time_t = str(wrf.extract_times(Dataset(direc),jj+st_time))
date += [time_t[0:10]]
time_tt += [time_t[11:19]]

Terrain map

To plot terrain height the scipy interpolation tools are used to create triangular interpolation of terrain height values from WRF output

computationterrain = wrf.getvar(datain,"ter",timeidx=0)
qwe = terrain.to_dataframe()
lat_ter = np.array(qwe["XLAT"])
lon_ter = np.array(qwe["XLONG"])
alt_ter = np.array(qwe["terrain"]/1000)
points2d = np.vstack([xx,yy]).T
tri = Delaunay(points2d)
simplices = tri.simplices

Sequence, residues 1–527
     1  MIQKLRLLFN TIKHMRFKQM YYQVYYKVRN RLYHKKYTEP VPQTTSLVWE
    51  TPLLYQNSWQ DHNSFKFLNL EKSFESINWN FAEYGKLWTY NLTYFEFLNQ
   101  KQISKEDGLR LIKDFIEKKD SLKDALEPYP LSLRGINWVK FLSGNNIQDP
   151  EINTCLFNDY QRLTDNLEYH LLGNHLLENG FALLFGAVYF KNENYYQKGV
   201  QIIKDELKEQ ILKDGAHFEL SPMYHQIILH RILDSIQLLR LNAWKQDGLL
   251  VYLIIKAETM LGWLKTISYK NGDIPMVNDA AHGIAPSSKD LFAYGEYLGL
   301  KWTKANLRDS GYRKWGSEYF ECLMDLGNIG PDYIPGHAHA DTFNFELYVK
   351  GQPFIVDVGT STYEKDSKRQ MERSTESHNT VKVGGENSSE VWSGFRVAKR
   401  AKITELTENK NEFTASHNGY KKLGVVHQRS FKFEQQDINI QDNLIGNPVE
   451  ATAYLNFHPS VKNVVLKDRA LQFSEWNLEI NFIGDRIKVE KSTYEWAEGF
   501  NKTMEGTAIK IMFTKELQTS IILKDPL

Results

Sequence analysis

For plot:

fig = FF.create_trisurf(x=xx, y=yy, z=alt_ter,
#fig['colorbar'] = False
tme = np.arange(st_time,en_time)
#for jj in range(len(tme)):
# dft = cloud_find(datain,int(jj+st_time))
# print(int(jj+st_time))
# fig.add_trace(go.Scatter3d(x=dft["XLONG"],y=dft["XLAT"],z=dft["interp_level"],mode="markers",hovertext=dft["QCLOUD"]*1000,name=str(time_tt[jj]),marker=dict(
# size=1,
# colorscale='viridis',
# color = dft["QCLOUD"],
# colorbar=dict(x=-0.5,y=0.5,thickness=20,showticklabels=None,title="cloud mixing ratio")
# )))
color = dft["QCLOUD"]
ext = [78.3, 78.8,30.2, 30.8]
tme = np.arange(st_time,en_time)fig.update_layout(
title="Amount of super-cooled liquid water content",genereated
scene = dict(
zaxis_title='Altitude (km)',
xaxis = dict(nticks=10, range=[ext[0],ext[1]],),
yaxis = dict(nticks=10, range=[ext[2],ext[3]],),
zaxis = dict(nticks=20, range=[0,12],),),
#margin=dict(r=20, l=10, b=5, t=10))